The bergfried wasn’t initially constructed with the building; it was later integrated into the building and made to be 23 meters long. The fortification-like walls quite differ from the castle’s upper outline, the beautiful cross-gables on it, the Lucerne, and the roofs of the wall towers.
Three other towers could be found in the several corners of the castle, each one corner. These outer towers are called Hausmannsturm, Unlenturm, and Wendelstein.
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Address: Stadtbrücke, 38440 Wolfsburg, Germany
Autostadt is German for “Automobile City.” As the name implies, the Autostadt is an automobile complex with exhibits of such kind. Henn GmbH modeled the building in the mid-1900s. The complex is situated adjacent to the Volkswagen factory in Wolfsburg, Germany.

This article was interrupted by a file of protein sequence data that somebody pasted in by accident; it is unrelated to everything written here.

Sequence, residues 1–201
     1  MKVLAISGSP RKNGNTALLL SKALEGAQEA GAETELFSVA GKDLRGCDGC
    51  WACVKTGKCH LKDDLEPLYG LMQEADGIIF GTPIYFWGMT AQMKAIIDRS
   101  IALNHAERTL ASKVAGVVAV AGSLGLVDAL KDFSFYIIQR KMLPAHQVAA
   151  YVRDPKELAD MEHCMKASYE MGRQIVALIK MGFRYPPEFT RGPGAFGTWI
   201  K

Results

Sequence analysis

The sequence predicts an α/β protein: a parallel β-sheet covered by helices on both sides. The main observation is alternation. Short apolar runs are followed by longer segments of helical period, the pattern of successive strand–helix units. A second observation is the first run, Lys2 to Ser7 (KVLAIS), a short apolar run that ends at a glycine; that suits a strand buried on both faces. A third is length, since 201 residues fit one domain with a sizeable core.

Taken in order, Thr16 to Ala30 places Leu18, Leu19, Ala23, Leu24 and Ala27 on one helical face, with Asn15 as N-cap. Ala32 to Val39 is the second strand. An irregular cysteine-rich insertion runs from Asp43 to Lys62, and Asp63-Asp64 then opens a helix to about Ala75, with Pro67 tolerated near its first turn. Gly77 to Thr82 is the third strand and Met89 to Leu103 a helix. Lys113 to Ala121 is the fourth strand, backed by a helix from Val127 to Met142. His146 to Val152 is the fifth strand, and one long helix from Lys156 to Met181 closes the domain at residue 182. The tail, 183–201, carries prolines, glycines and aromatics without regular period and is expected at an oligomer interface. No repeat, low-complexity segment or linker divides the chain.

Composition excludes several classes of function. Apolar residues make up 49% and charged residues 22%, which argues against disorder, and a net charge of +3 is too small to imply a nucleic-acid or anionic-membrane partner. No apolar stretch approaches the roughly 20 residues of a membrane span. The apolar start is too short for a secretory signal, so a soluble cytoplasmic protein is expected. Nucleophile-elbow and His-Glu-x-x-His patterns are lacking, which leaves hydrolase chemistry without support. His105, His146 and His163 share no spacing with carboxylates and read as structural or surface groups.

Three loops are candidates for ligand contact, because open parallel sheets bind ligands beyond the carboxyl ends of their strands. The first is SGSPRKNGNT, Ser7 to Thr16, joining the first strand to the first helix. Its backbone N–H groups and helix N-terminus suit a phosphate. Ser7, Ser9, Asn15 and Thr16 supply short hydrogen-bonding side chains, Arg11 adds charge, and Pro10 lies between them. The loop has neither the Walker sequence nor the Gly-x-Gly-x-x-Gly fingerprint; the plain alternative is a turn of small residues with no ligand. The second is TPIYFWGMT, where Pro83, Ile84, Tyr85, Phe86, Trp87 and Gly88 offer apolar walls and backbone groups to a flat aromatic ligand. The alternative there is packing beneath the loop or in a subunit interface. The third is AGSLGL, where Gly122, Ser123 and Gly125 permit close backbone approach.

The museum was birthed out of the necessity to have the collection of stages involved in the production of Volkswagen documented.
There are pavilions where several models of Autosadt Volkswagen cars are sampled. This is such a beautiful sight to behold. In total, these pavilions are up to seven. It was sometime in May of 2020 that the main pavilion was opened. In it, many very advanced car models were locked in a crate.
Its area is beautifully patterned with water and vegetation. Visitors are very well allowed access to the complex; however, before they can drive any of the cars along the track, they must present their driver’s license cards.
Also, it is necessary to point out here that the visitors are not alone in the car; they are watched closely as they drive by a surveillance guide who is a staff of the complex.
The track along which visitors who can drive are permitted to drive has a hill angled at 21 degrees and another hill angled at the side. Mounds along the track also help elevate one wheel of the vehicles off the ground.